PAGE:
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Softball Olympic Games 2020 - Official Payoff

Rising Japanese softball star Miu Goto hopes to shine at LA28 Olympic Games

Rising Japanese softball star Miu Goto hopes to shine at LA28 Olympic Games
22/11/2021
"As I look toward 2028, in order for the Japan team to be stronger, I have to raise my game. I want to give it my all," she said.

Japanese left-handed pitcher Miu Goto is the new face of Japanese softball. In July, she joined veteran Yukiko Ueno in a dynamic duo to pitch their nation to a second consecutive Olympic gold medal, winning it all at the Tokyo 2020 Games. A few months later she was named best pitcher of the 2021 Japan Softball League season.

Goto reflected about her first Olympic experience. "Without fans it was complicated," she told Kyodo News recently. "It didn't feel like the Olympics. With no fans, playing in silence, it was lacking something in my opinion. If it had been like normal, the fans would be so noisy. So I want to savor that once more for real. I want to go to America and play good games."

Softball will not be part of the Olympic programme in Paris 2024, but is widely expected to be back for the Los Angeles 2028 Games. The 20-year-old pitcher aims to be there to defend her gold. "As I look toward 2028, in order for the Japan team to be stronger, I have to raise my game. I want to give it my all."

As the youngest player on Japan’s roster, Goto didn’t have big expectations about her role on the team. "When I was named to the national team, I didn't think there'd be a role for me," she said. "I felt a lot of anxiety, feeling maybe I'd be useless or be a hindrance to my teammates."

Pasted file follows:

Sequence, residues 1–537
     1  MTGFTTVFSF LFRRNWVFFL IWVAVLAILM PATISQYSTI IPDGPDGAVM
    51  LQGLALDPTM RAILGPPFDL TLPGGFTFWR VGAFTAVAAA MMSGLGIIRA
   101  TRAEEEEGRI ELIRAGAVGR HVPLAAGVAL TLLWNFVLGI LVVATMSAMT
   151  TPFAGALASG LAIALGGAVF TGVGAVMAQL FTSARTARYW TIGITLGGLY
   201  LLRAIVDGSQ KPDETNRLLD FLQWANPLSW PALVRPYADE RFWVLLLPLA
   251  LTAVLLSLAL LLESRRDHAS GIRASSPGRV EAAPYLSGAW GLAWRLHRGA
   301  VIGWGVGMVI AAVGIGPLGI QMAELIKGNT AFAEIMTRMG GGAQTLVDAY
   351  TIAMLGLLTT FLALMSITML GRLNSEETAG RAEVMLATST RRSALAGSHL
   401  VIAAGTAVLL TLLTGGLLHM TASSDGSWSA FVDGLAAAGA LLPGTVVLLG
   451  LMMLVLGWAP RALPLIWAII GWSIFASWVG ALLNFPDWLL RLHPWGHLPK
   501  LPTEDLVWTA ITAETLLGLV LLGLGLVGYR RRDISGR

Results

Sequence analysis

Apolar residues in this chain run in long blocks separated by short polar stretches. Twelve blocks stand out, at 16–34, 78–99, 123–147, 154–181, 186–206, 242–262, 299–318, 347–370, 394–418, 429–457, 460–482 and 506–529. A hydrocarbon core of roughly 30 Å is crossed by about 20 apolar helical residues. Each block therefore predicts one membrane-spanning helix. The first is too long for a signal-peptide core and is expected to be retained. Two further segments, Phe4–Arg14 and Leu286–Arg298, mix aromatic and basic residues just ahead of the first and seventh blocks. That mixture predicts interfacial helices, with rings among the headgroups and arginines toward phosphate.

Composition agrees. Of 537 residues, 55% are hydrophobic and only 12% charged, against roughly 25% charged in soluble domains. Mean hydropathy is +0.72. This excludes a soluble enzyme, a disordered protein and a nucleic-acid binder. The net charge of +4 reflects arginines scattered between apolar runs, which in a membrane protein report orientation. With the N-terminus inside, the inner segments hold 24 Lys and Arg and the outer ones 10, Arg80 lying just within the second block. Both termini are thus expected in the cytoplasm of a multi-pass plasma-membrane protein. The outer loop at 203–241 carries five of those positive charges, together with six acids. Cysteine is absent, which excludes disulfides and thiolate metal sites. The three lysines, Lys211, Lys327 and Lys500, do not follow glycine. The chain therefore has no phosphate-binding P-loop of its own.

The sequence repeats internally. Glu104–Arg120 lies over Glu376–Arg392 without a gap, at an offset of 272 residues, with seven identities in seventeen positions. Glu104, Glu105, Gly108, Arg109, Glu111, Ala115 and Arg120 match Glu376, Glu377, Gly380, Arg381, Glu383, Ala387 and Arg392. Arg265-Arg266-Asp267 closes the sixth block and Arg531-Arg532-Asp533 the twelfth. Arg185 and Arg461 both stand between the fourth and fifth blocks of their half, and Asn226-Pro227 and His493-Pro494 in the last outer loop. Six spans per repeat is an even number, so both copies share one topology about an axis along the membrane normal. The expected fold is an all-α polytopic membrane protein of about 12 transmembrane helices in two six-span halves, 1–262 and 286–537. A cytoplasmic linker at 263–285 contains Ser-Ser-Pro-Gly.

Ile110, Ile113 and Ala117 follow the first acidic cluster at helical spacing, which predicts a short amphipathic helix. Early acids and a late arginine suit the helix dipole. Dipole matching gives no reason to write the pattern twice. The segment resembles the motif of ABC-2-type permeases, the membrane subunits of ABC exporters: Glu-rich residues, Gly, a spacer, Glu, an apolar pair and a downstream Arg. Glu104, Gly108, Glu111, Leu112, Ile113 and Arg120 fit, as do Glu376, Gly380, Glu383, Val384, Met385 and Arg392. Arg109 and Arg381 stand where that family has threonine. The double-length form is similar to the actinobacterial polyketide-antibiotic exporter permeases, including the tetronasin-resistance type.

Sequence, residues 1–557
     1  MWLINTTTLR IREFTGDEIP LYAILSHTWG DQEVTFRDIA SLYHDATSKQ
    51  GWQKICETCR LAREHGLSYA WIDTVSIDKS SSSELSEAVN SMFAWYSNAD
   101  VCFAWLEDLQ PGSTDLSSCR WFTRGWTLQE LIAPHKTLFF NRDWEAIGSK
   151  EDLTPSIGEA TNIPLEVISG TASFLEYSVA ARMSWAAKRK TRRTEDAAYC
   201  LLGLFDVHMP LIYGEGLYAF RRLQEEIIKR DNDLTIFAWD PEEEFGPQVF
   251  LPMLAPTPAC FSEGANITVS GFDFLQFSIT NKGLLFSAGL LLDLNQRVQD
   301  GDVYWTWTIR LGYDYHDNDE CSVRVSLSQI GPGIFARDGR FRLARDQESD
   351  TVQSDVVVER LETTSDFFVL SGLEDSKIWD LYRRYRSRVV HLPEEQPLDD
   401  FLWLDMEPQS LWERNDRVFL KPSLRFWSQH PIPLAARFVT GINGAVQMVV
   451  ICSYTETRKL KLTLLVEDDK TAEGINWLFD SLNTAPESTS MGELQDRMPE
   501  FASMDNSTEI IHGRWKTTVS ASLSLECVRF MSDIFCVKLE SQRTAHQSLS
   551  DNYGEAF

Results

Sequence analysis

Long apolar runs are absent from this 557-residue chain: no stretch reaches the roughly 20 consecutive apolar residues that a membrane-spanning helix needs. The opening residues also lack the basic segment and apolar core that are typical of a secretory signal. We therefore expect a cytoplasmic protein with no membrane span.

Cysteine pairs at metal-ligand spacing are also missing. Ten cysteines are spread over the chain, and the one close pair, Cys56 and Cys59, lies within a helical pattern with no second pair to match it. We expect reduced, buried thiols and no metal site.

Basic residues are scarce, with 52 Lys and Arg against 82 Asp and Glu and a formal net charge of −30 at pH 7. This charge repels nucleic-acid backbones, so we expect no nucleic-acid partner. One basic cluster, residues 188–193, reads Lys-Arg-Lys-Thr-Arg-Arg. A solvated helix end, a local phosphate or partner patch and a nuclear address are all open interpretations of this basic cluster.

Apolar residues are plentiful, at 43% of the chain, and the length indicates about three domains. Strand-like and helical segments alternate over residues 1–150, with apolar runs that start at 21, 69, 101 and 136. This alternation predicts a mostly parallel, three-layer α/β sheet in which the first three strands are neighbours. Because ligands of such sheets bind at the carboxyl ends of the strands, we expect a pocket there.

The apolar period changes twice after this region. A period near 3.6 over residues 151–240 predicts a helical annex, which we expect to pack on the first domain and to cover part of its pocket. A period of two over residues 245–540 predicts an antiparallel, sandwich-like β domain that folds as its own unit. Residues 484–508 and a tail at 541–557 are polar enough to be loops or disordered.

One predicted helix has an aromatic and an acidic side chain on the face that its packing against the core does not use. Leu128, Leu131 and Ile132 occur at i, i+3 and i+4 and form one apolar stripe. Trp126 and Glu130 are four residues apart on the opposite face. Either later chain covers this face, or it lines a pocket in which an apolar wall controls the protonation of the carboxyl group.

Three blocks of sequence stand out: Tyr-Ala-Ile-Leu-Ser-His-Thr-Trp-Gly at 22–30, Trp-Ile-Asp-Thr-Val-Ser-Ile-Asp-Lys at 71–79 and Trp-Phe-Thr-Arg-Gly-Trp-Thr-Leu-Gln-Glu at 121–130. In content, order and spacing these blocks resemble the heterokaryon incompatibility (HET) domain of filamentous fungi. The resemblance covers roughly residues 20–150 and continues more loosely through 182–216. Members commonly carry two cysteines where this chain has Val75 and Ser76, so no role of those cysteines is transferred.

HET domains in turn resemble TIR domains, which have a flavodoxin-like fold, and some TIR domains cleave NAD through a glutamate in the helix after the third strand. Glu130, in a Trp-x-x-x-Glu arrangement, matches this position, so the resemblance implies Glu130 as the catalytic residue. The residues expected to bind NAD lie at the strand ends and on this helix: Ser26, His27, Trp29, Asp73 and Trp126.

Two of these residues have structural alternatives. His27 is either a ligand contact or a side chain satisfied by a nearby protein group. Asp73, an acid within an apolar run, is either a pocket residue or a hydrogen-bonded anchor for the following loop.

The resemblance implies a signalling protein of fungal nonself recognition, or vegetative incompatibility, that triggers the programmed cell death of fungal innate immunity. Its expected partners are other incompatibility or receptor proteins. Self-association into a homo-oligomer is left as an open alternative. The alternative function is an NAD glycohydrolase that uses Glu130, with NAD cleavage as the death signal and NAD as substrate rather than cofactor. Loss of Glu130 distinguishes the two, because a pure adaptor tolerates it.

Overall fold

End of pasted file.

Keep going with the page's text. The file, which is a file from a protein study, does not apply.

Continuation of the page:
Most of Goto's teammates were over 30. "I was the only 20-year-old," she said. "That alone made me extremely anxious."

Performing on the biggest international softball stage -- the Olympics -- the WBSC U-19 Women’s Softball World Cup 2019 silver medalist showed nerves of steel. She collected three of Japan’s five wins at Tokyo 2020, pitching in five of the six games and allowing only three hits in 10.2 innings pitched. She didn't surrender a single run in the tournament, and struck out 22.

"I thought that if I got nervous and panicked, that would upset my rhythm," Goto said. "But I pitched with the belief that no matter what, my teammates would bail me out and convinced we would win. If I did surrender a run, I believed my teammates would get those runs back. That added more to my conviction."

The impact of the Olympic gold medal on home soil has been immediate for Japan. "There are many more fans. Because we were allowed to put the spotlight on softball, since the Olympics more different people have come to Japan Softball League games," Goto said. "It's so different from before."

"Does winning a gold medal change your life? I've come to feel I want to do things going forward that might earn me recognition as one who propels the Japanese softball world, or perhaps carries it on her shoulders," Goto said.

She thinks that the Olympics have allowed her to grow personally, both on and off the field. "Mentally I got really strong. I believe in myself more. I brought my thoughts with me and they weren't all positive. But because I had those harsh feelings in mind and still competed (at that level), I felt I grew a lot."